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The First Monotheists
In what is now known as the western Middle East was a place called Canaan. About 4000 years ago Abraham, a goat herder in those parts, began to expand the current views about pagan gods with another view. Actually it was Abraham who introduced Judaism as the first religion with only one God.
The early periods of the Bible still referred to many pagan rituals, such as sacrifice of animals, as being part of their culture. Genesis speaks of how God commanded Abraham to sacrifice his son as proof of his love of God. Thankfully at the last minute God let him substitute a ram so Isaac was spared. This was a major change in philosophy, and marked a new course in the relationship between God and man.
Yet, sacrifice in one form or another is still an integral part of some religions today. In fact, a large component of many religions is the concept of sacrifice -- the giving-up of an asset, something of value, for the purpose of reconciliation.
Thankfully most "sacrifice" today is more intellectual, and less overtly physical. But we still must pay for our sins and follow rituals that are in many ways symbolic of those early practices. And surrendering our will to God is in fact a deep, internal decision that involves sacrifice.
The relationship between the Jewish God and man was evolving. Abraham's followers still saw God as mysterious. He would not reveal himself in any concrete way, and the Jewish Bible follows this theme.
The Jewish word for God isYahweh (pronounced Ya-way). So, God is here, but not here, and man may search, but perhaps cannot find Him. Yet, man cannot stop the search. He is compelled to keep looking.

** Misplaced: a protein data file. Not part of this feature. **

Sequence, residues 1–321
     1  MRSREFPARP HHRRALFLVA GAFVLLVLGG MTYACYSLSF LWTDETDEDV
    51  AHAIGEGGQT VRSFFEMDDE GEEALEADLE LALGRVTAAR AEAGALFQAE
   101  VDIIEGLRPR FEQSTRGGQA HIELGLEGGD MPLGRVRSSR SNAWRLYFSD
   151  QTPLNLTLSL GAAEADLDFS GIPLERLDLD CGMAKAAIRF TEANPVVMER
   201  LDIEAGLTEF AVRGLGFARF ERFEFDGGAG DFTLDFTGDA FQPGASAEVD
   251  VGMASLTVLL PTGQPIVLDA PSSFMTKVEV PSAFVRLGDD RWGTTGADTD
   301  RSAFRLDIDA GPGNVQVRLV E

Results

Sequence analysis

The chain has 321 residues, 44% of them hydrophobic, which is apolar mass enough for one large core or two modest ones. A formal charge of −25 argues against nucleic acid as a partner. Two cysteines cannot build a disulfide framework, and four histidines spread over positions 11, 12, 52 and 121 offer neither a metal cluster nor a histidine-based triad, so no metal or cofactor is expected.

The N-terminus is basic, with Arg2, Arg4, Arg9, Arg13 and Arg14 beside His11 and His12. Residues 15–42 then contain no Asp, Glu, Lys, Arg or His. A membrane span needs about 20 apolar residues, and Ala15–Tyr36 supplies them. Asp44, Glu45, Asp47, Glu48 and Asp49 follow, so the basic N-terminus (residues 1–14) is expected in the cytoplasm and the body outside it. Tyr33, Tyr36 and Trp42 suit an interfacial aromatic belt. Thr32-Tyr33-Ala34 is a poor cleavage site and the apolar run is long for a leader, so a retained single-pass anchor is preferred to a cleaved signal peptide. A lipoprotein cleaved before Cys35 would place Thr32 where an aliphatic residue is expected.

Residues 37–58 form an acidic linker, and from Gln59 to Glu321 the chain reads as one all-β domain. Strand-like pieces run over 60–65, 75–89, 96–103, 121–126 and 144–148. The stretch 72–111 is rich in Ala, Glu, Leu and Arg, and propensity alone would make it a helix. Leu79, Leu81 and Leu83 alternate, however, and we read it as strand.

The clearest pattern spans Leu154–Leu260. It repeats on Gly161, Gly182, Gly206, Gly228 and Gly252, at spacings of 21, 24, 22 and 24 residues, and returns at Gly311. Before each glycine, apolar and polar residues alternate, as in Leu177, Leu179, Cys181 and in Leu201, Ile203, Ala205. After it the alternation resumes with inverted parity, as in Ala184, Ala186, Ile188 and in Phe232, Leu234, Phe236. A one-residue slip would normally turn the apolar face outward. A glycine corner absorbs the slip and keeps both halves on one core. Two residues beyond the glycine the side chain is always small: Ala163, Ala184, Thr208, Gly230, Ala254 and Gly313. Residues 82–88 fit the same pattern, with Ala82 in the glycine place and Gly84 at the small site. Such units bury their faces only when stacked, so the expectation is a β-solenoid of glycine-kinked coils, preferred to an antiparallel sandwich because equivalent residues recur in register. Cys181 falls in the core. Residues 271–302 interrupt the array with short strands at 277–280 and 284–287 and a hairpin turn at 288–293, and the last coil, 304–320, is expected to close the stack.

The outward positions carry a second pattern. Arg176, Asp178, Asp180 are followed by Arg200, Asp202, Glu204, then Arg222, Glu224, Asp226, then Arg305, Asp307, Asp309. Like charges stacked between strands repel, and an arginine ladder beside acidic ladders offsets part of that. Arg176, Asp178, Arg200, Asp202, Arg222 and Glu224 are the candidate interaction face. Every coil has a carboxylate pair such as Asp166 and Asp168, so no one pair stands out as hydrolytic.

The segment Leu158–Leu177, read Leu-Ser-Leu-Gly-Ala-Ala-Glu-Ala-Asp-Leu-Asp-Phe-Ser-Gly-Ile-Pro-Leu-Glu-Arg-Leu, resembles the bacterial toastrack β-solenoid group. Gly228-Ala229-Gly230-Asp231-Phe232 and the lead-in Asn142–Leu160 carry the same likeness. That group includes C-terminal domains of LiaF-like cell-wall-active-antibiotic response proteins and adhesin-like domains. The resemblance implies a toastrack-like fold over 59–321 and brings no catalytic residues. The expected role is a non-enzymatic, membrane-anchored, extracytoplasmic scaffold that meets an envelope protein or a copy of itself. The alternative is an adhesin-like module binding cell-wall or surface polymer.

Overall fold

This mystery and irony in our search for God pervades our view of faith today. Yet, it is our nature to try and put a face on God‚ to attempt to create icons and images that make God more tangible, and more real.
Yet, God constantly resists, and actually forbids this practice. "I am the Lord thy God. Though shalt not have any other gods before me." "You shall not make for yourself an idol." These admonitions are common to Christian, Islam, and Jewish religions.
This paradox pervades every religion's attempt to know and define God. It may be one reason that Buddhism resists the temptation to acknowledge God, and to give God a name, or give God a description.
This struggle is fundamental to the beliefs systems of all religions, and in many ways define the differences between them.
The defining event in Judaism is when Moses climbs Mt. Sinai, and talks with God. Of course God is still enveloped in clouds, and cannot be seen, but God does talk directly to Moses, and Moses gets to know His nature. This is where God finally lays down the law in the form of The Ten Commandments.
From then on, these definitions of right and wrong, defined by The 10 Commandments, will be the defining characteristics of God, and what makes this religion different from another.
And our SPECIAL REPORT, The Case For The Existence Of God, gives an understanding that, from the beginning, "All human beings -- regardless of either where they live or what religion they may have been raised under -- have a natural longing for God."
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